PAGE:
Cameroon: should we be worried about post-electoral violence?

Cameroon: should we be worried about post-electoral violence?

After a relatively quiet election day, with the exception of some disruptions in the country’s English-speaking regions, the post-electoral period seems to be one of uncertainty.

Cameroon will potentially be facing a new political crisis, this time following the presidential election that took place October 7th. The day after the ballots were counted, one of the candidates, Prof. Maurice Kamto, brought the local press together to announce his electoral victory. The ensuing reactions do not bode well.

A penalty kick has been taken

During a press conference organized at the headquarters of the Yoaundé Party, Prof. Maurice Kamto, candidate for the Cameroon Renaissance Movement (MRC) announced that he had won the presidential election. In his speech, he reassured the people of Cameroon who had voted for him that he would defend his mandate until the end, before inviting the current president to organize a peaceful transition of power, because “Cameroon does not need a post-electoral crisis.”

The government’s reaction was quick; Minister for the territorial administration (MINAT), Paul Atanga Nji, and the minister of communication (MINCOM), Issa Tchiroma Bakary, stepped up to denounce his pronouncement, which, according to MINCOM, who is also the official spokesman for the government, is illegal. The MINAT was harsher yet: “He says he’ll take this to the end, but we will not even give him the chance to begin what he wants to do.”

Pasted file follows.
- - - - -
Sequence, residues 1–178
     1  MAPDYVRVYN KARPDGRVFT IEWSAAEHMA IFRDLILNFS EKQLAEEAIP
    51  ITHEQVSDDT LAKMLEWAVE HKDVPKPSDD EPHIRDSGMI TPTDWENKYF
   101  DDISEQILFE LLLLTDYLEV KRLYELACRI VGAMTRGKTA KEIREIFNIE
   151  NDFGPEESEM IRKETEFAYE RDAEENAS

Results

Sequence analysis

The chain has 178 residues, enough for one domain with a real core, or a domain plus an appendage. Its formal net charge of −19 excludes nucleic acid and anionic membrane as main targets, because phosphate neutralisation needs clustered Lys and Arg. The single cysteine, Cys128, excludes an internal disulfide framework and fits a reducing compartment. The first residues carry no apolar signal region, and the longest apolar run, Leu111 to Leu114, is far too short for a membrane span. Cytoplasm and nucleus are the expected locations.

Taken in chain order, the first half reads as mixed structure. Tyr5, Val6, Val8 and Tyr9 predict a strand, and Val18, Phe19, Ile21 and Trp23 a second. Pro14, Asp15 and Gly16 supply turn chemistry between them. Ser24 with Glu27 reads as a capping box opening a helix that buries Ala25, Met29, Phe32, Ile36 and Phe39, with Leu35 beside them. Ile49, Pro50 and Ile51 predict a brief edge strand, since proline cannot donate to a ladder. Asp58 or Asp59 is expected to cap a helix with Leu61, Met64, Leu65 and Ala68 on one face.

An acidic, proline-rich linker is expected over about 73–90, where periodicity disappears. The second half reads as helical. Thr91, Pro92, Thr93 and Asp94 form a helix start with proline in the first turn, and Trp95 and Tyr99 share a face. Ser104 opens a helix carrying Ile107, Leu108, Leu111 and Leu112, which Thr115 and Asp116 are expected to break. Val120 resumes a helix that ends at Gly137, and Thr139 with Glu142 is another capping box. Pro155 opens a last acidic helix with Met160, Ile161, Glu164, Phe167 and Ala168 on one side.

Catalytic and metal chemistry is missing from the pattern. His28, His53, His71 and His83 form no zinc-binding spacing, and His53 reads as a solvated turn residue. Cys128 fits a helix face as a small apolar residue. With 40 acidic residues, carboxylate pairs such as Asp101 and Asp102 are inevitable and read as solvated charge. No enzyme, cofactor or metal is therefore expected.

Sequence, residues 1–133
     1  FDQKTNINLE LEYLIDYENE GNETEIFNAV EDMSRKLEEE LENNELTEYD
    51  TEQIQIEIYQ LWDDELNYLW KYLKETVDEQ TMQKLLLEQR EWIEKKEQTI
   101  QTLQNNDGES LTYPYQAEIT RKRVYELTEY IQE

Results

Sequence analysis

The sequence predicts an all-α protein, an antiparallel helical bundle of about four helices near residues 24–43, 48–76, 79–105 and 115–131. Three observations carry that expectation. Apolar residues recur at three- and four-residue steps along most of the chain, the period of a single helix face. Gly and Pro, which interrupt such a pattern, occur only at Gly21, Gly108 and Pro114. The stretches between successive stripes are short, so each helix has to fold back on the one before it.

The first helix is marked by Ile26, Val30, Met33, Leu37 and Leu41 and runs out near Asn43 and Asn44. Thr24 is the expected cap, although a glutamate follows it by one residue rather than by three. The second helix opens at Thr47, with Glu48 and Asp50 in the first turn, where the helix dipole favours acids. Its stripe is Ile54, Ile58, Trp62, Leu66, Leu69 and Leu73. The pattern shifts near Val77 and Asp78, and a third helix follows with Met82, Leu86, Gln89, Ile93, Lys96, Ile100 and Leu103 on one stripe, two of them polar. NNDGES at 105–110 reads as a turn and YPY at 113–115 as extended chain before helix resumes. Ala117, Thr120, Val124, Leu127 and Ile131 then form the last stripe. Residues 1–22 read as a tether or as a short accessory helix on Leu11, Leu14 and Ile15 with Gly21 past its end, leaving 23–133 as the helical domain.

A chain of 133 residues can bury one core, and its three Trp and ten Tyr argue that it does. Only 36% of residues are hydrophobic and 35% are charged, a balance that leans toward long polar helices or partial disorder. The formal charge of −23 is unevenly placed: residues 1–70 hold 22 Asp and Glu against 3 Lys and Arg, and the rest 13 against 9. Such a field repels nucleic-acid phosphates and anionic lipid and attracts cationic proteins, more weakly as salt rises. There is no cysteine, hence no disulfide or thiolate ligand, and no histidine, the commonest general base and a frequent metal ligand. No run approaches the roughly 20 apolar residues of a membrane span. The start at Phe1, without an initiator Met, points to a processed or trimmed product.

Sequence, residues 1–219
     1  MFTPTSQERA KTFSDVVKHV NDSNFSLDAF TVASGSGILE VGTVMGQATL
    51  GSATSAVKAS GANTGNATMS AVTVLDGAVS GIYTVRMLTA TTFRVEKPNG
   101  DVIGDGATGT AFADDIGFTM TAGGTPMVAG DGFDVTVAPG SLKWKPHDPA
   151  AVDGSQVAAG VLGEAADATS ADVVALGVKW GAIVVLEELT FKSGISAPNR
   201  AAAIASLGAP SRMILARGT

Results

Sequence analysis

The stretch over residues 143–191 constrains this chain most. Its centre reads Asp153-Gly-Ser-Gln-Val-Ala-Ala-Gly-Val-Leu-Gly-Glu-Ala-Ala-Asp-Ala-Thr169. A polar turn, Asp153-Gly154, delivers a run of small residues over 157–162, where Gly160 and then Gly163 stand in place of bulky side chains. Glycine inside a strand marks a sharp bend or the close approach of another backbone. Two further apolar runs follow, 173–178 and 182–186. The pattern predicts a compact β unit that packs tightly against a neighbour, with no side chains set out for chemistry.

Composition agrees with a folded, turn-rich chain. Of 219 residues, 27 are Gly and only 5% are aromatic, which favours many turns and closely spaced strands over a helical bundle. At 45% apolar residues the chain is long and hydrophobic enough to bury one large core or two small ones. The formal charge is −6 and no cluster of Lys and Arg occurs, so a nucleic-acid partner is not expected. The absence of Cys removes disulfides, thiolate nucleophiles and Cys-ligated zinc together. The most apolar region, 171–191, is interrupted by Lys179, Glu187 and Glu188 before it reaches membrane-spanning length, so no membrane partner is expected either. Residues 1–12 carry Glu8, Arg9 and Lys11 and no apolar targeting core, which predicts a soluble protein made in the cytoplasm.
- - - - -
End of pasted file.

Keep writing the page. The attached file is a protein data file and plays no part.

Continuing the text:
Thinly-veiled threats, coming from the candidate Kamto, sure to have won the election, as well as from the Cameroonian authorities, for whom the MRC candidate violated electoral laws by declaring himself a winner.

Debate over electoral law

Did Maurice Kamto violate electoral law by proclaiming himself the victor of the presidential elections? Opinions are mixed. Though the 137th article of Cameroon’s electoral law says that “the constitutional council pronounces the end of an election and announces the results of the presidential election” (meaning that it is the only body that has the power and legitimacy to do this), no article formally forbids a candidate, using the information in their possession, to declare themselves a winner. There is also article 113 that indicates that “immediately following the vote count, the result of each voting bureau is made public”, which effectively gives candidates some information on the very day that the ballots are counted.

Whichever the case, it is clear that Maurice Kamto did not break any law by declaring himself the winner. That being said, some see this in a different light altogether. The divergence of opinion is felt more and more on social media where the verbal clashes between partisans from one camp or the other are multiplying.

Call for insurrection

  1. Kamto’s declaration led to lively reactions, as much on social media as in villages. For many observers, his speech may mark the beginning of a crisis. We should not forget that he said that he was ready to fight to the end to protect the the mandate given to him by the Cameroonians, and even if he used the pronoun “I”, it is clear that whatever decision he makes, he will be followed by his many supporters.